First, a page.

Capital purchases have been at high levels for a number of years. The last three years (2008, 2009, and 2010) have seen capital purchases at levels not experienced previously – an average of around $90,000 per farm here in Illinois. The two years previous to those three, (2006 and 2007) had average levels of capital purchases that were records as well. (See the table, Line 1).
The group of farms from which this data is drawn varies significantly in terms of size and type (grain, livestock, etc.). The average is likely influenced by those larger farms with larger levels of capital purchases. Farms with more acres or a high concentration of livestock might have a need to purchase a larger amount of capital items or items with a larger price tag (i.e. 24 row planters).
While the average level of capital purchases may have been at record levels, the median level of expenditures provides a different story . The median is the point where half of the farms had a greater level of capital purchases and half of the farms had a lower level of capital purchases. This is different that summing all the capital purchases for all farms and dividing by the number of farms which is the average. The table below leads one to the conclusion that a small number of farms with large purchases are pulling up the average.
Another interesting perspective of this story is to look at capital purchases relative to Net Farm Income. From the table below, capital purchases as a percent of net farm income (See the table, Line 3) range from a low of 30.1% in 2007 to a high of 106.4% in 2009. The other three years in the five year history show some stability in the 40%-45% range. It would be interesting to review historical data to see how this might compare to the past and if there are patterns or trends present.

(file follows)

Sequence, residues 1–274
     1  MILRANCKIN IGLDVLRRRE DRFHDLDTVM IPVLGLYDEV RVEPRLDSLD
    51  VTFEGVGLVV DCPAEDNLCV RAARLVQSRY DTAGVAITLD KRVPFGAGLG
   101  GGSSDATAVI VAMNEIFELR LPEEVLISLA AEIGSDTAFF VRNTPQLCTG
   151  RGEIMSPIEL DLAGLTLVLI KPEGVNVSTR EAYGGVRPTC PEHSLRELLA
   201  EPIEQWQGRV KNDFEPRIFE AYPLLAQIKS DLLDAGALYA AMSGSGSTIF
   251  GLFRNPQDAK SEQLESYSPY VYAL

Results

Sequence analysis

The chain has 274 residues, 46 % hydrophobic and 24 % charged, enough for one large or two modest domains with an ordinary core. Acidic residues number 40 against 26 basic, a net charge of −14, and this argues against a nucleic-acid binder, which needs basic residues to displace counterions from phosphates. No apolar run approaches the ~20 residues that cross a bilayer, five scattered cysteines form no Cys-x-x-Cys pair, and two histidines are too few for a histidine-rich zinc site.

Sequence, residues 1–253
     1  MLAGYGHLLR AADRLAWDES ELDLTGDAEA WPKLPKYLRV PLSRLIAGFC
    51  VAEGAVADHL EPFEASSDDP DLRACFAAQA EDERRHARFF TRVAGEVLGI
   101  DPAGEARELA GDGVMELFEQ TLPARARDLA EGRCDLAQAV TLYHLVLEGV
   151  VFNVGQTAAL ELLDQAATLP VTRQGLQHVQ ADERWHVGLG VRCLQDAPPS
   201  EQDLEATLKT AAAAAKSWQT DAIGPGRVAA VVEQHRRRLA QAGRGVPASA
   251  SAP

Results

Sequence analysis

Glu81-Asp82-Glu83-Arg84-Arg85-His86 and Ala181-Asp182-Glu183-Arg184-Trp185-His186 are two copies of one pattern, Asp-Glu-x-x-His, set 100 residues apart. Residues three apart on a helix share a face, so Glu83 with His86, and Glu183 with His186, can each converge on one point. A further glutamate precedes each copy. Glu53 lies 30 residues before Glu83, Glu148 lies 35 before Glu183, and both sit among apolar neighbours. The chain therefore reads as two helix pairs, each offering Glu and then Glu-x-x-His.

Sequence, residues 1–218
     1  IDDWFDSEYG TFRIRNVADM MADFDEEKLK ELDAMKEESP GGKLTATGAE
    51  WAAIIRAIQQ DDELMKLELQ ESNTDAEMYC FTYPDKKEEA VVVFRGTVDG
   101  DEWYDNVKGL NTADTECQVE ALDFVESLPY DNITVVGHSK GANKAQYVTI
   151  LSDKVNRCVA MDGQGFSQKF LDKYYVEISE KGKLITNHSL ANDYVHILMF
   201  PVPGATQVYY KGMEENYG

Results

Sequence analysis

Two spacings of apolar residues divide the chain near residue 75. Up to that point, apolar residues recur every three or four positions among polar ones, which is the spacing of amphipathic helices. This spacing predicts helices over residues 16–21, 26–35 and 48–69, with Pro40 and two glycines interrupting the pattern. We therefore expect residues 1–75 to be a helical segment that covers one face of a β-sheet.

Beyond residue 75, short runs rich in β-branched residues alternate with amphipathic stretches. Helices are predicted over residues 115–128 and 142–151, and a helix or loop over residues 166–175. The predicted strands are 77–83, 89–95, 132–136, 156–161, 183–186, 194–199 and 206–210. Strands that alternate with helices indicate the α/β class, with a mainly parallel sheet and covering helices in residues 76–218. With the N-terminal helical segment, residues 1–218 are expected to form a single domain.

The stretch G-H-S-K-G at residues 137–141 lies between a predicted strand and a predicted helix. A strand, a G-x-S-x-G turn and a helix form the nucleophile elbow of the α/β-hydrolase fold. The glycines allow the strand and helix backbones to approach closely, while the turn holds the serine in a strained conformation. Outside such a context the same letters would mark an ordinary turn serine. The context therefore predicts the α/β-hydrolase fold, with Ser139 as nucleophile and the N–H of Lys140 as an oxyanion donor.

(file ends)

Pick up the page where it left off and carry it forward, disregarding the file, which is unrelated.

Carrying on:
A contributing factor could also be that the IRS Code Section 179 Expense Election limit increased markedly (See table, Line 4). As recent as 2002, the Expense Election was $24,000; this is compared to $500,000 for 2010. It is possible that the capital purchase noted in the recent past may be nothing more than production agriculture taking advantage of tax policy and reducing taxable income.
The authors would like to acknowledge that data used in this study comes from the local Farm Business Farm Management (FBFM) Associations in Illinois. Without their cooperation, information as comprehensive and accurate as this would not be available for educational purposes. FBFM, which consists of 5,500 plus farmers and 60 professional field staff, is a not-for-profit organization available to all farm operators in Illinois. FBFM field staff provide on-farm counsel with computerized recordkeeping, farm financial management, business entity planning and income tax management. For more information, please contact the State FBFM Office located at the University of Illinois Department of Agricultural and Consumer Economics at 217-333-5511 or visit the FBFM website at www.fbfm.org.
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